Dogs and Halloween

This year in particular I am noticing that more houses are decorated with over-the-top Halloween decorations. As I walk my dogs during the daytime we, both the two- and four-legged, have experienced some pre-Halloween frights! Do you notice your dog getting spooked by Halloween decorations?

I walk two adorable Portuguese Water Dogs named Marley and Jackson. They both belong to the same family and are a delight to walk. Last week while coming around a corner I noticed a GIANT blown up black and orange spider next to a home’s front door. It was about four houses away from us; I was curious to see their reactions.

As we neared the house things became even more of interest as the spider fully inflated to an unbelievable size, lifted his head and turned to look our way! This was too much for Jackson who decided to step off the sidewalk to avoid proximity to this unknown, moving, silent creature.

Marley, on the other hand, decided to keep walking on the sidewalk and barely flinched. As we walked by the spider it raised its head again, and she must have seen this out the corner of her eye. I kept my voice light and happy and said “What’s that Marley?” Without missing a beat she slowly walked up to it and proceeded to bark at it, showing who was boss. Jackson kept looking over his shoulder as we walked away. I don’t blame him; the spider looked as if it might have come after us!

I replayed the event to his owner and was told that last year a giant pumpkin with swirling images inside had been very scary for their boy. For weeks after Halloween, Jackson would anticipate this scary pumpkin to still be on their lawn, even after it had been taken down. This goes to show how dogs can hold onto fears for some time after a negative event.

Meanwhile, Sophie, a Dutch Decoy Spaniel who is ten months old, is taking in her first Halloween full speed ahead. She loves to chase birds and squirrels, so seeing decorations resembling animals is quite intriguing for her. Some lawns have pretend scary crows on them or massive rats with menacing teeth peaking from behind stairs or a bush.

One lawn had a frightening bride and groom half buried in the flower bed; this was something that halted Sophie in her tracks. A few houses away, a big blown up cat and a ghost were very menacing to look at from her (a small dog’s) perspective.

Ember, our Labrador, has made me laugh a few times this week. Many homes scatter bones on their front lawns near pretend graves. Ember thinks that this is fantastic and more than once has attempted to pick up these “gifts” left lying out and to bring them with her as we continue on our walk. Only the bone shapes seem familiar and are desirable to her.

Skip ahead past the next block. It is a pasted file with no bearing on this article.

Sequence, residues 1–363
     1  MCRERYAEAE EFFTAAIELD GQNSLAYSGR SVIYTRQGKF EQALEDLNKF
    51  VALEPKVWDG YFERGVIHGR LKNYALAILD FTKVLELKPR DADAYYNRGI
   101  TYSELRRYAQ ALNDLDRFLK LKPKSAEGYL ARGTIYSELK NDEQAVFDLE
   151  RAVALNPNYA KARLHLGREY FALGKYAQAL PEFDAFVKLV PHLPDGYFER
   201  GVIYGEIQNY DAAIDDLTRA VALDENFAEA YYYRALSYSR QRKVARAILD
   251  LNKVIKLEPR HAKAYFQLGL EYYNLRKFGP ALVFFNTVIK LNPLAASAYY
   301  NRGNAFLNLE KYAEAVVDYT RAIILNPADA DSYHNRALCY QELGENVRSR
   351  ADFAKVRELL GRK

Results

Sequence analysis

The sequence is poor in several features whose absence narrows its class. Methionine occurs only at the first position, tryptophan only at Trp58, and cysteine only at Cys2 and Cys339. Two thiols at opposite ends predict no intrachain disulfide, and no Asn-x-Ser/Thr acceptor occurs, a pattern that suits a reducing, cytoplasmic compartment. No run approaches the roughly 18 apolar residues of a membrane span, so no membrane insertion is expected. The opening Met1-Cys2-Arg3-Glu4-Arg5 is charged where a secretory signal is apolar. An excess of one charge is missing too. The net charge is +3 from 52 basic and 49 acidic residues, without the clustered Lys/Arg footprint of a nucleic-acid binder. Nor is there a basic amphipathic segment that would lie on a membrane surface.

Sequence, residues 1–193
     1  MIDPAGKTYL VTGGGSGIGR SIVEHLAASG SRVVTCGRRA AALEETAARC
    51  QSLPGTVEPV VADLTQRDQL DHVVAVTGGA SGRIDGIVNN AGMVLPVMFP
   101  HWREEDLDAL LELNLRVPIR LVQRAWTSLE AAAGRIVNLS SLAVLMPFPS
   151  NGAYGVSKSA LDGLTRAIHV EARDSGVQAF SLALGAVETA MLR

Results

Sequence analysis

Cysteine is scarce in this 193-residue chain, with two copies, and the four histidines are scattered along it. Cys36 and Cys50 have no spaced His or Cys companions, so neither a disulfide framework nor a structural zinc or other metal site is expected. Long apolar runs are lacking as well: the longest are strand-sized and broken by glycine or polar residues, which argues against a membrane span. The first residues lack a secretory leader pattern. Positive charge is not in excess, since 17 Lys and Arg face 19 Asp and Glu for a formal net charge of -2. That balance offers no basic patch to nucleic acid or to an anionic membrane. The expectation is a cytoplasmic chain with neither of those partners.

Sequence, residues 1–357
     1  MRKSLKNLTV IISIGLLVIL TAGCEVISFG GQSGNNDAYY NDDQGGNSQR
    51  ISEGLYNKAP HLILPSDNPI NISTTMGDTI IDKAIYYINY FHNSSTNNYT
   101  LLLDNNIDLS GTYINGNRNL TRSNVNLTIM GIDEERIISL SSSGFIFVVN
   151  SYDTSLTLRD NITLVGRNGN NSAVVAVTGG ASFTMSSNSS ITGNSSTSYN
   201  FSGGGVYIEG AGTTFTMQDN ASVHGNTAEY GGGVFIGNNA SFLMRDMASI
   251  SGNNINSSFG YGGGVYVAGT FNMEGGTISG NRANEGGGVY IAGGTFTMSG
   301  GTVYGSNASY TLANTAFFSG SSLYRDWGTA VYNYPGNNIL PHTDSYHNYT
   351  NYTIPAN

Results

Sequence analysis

I do not have costumes for our Labradors; it is something that we have only tried once. I once purchased a huge milk bone costume for Abby; I could not resist. It was light, almost like an apron, and it lay across both her sides and did up under her belly. Her coat is the same colour of the beige milk bone treats so I believed it to be a great choice of costume. She hated wearing it; a picture was probably taken and the costume never came out again.

There are countless numbers of sites on the internet of dogs wearing costumes or contests for the best costumes. I found one Canadian site that was quite something to see. Dogs are shown modelling so many types of costumes. The choices are endless: animal, career, superhero, holiday, classic and TV/movie dog costumes.

My personal opinion is not to make your dog feel physically uncomfortable if put into a costume. It is certainly not their choice; we make this decision for them. Observe if your dog looks happy, for example is wagging their tail and/or has a bright-eyed, engaged expression. Their eyes should not be cast downwards. Often dogs can display happiness with their ears too, or their bodily stance.

Make sure the costume does not block their vision in any way or their ability to move around freely. Things should not be tight on the costume or have items on it that might frighten a dog, especially true for a smaller dog e.g. material that flaps suddenly out the corner of their eye.

Have your dog on leash if it is going with you to Trick-or-Treat; the night is exciting and they may suddenly want to chase something they see or cross a road to greet a familiar person. This can be dangerous with traffic.

GlowDoggie collars are LED collars in wonderful colours. They allow your dog to be seen in the darker months ahead and come in lots of sizes. This is a fun way to “dress up” your pooch safely and has a similar “wow factor” that a costume can have.

Will you be putting your dog in a costume to enter a contest or for Halloween?

Dogstwentyfourseven has a Facebook page,!/dogstwentyfourseven. Interesting articles and links are posted every week. Please click on “Like” if you are enjoying my posts and page. I am on twitter at Dogs247Becky.

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About dogstwentyfourseven

Becky White is a dog walker.She and her husband live in Toronto with their two daughters.Becky has been a dog lover all of her life and feels now is the right time to share her stories, experiences and adventures!
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3 Responses to Dogs and Halloween

  1. Halloween is not nearly such a big deal here in South Africa but I can bet that, if Litchi were to see any of the decorations, she’d be completely spooked by them. That spider, moving it’s head and all, must have been a terrifying site for a dog.

  2. I must say that I am a bit frightened by the small pumpkin cutout down the street . . . and when I walk past it I have to keep looking back to make sure it’s not following me!

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